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4 reasons to be skeptical of Wes Bunting

Lot’s of people here love Wes Bunting. Not me. Here’s why.

1. He produces bad analysis. Here’s an example where he looks at OT arm length.

First he compares Adam Terry ‘s (2005) and Marcus McNeil’s (2006) arm length. Then he concludes the reason Terry is a journeyman and McNeil is 5 year starter is because of their arm length. Wes apparently has never heard of anecdotal evidence and the problems of generalizing from an insufficient amount of evidence. Then he takes a slightly larger sample of arm lengths.

“Great” Arm Length (35+ inches)

D’Brickashaw Ferguson: Jets, 2006 (35 ½ inches)

Ryan Clady: Broncos, 2008 (36 inches)

 

“Good” Arm Length (34 inches-34 7/8 inches)

Jammal Brown: Redskins, 2005 (34 ¼ inches)

Jeff Otah: Panthers, 2008 (34 5/8 inches)

 

“O.K.” Arm Length (33 inches - 33 7/8 inches)

Michael Roos: Titans, 2005 (33 5/8 inches)

Levi Brown: Cardinals, 2007 (33 1/8 inches)

 

“Below Average” Arm Length (32 inches - 32 7/8 inches)

Robert Gallery: Raiders, 2004 (32 ¼ inches)

Chris Williams: Bears, 2008 (32 ¾ inches)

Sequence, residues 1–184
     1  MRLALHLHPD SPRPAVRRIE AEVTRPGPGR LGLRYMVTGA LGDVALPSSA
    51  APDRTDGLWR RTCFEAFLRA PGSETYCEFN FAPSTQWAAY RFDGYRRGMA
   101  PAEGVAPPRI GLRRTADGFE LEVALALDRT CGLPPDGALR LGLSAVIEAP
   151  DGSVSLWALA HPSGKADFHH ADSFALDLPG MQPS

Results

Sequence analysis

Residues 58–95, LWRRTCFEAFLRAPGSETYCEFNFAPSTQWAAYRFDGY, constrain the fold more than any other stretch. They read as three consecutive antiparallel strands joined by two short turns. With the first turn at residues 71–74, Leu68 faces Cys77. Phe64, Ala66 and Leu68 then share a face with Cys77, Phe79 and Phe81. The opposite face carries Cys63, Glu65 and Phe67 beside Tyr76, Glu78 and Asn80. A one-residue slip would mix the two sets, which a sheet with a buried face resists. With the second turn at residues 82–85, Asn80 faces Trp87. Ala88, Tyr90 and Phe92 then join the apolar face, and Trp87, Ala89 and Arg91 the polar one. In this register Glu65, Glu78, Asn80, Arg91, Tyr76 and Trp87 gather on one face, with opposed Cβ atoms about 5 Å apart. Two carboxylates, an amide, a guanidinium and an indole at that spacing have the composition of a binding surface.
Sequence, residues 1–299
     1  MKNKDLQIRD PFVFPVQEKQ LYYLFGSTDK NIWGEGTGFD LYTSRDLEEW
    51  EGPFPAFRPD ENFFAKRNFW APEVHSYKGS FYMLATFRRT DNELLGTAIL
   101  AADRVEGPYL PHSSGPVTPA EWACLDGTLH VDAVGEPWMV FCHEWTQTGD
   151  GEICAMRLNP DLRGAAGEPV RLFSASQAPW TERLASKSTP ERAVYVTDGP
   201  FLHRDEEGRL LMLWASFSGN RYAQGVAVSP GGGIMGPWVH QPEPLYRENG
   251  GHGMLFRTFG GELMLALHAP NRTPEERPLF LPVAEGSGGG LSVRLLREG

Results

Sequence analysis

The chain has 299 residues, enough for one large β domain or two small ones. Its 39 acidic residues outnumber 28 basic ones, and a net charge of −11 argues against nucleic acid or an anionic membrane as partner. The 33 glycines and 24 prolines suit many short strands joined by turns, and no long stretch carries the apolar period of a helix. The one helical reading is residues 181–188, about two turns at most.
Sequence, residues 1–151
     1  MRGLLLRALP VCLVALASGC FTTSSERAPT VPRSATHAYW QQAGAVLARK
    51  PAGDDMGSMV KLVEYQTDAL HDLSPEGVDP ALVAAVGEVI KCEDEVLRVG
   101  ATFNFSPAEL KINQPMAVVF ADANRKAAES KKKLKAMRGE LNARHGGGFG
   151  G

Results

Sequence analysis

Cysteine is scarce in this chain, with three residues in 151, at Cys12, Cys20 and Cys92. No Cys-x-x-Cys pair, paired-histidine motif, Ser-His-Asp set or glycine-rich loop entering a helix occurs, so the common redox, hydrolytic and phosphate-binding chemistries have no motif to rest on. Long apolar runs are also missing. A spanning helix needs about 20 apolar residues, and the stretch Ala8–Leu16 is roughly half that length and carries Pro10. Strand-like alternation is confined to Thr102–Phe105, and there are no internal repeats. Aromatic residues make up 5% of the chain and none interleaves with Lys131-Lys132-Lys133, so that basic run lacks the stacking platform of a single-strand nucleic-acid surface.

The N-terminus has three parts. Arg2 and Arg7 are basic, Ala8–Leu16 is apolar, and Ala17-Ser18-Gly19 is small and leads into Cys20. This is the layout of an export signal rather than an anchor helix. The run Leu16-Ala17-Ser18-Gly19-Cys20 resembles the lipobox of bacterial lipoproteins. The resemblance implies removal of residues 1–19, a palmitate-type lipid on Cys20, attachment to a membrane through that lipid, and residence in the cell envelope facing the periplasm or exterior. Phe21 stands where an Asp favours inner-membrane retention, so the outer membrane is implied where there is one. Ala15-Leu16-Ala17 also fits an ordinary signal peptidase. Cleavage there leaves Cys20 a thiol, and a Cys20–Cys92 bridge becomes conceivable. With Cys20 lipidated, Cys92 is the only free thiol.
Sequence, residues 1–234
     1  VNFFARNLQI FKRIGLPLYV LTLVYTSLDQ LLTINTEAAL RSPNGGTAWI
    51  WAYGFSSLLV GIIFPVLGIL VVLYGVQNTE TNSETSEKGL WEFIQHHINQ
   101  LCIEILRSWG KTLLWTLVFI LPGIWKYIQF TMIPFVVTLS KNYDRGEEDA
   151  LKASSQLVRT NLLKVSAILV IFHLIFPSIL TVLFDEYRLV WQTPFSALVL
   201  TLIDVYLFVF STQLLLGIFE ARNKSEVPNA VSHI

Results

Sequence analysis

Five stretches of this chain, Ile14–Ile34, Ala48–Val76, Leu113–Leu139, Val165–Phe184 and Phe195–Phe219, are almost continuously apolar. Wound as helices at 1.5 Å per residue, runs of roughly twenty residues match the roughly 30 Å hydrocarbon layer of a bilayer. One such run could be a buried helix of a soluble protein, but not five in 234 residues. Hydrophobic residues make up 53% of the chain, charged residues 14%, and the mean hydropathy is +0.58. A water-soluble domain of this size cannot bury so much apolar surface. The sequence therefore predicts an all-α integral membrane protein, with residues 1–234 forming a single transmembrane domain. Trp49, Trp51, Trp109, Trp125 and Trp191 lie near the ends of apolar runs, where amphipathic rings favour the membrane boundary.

Of course he gets killed in the comments because this is bad analysis.  

 

Joe Thomas, the NFL's best LT has an arm length of 33 3/4"

 

Chad Clifton had 33' arms. Anyone doubts that he's an outstanding pass blocker, and has been his entire life?

Bulaga had similar questions with 33 1/4. How did he pan out?

 

Joe Thomas (32.5) and Jake long (32 7/8) are below average tackles??

 

So to “OK” and “Below Average” Arm Length we can add

Joe Thomas

Jake Long

Chad Clifton

 

There are 2 problems. One, instead of using the complete universe of players he’s using a handfull of anecdotal examples. From that he’s drawing unwarranted conclusions. The second is he’s not controlling for other factors, association is not causation. For example, here I’ve resorted by vertical jump.

 

Vertical

 

“Great” Vert (31+ inches)

Joe Thomas (33 inches)

Jammal Brown: Redskins, 2005 (31 ½ inches)

Ryan Clady: Broncos, 2008 (31 inches)

Marcus McNeil (31 inches)

 

“Good” Vert (29-30 inches)

D’Brickashaw Ferguson: Jets, 2006 (30 inches)

Robert Gallery: Raiders, 2004 (30 inches)

Michael Roos: Titans, 2005 (29 inches)

 

“O.K.” Vert (27-28)

Adam Terry (28 inches)

Jake Long (27 ½ inches)

 

“Below Average” Vert (26 and Below)

Levi Brown: Cardinals, 2007 (25 1/2 inches)

Chris Williams: Bears, 2008 (25 inches)

Jeff Otah: Panthers, 2008 (22 inches)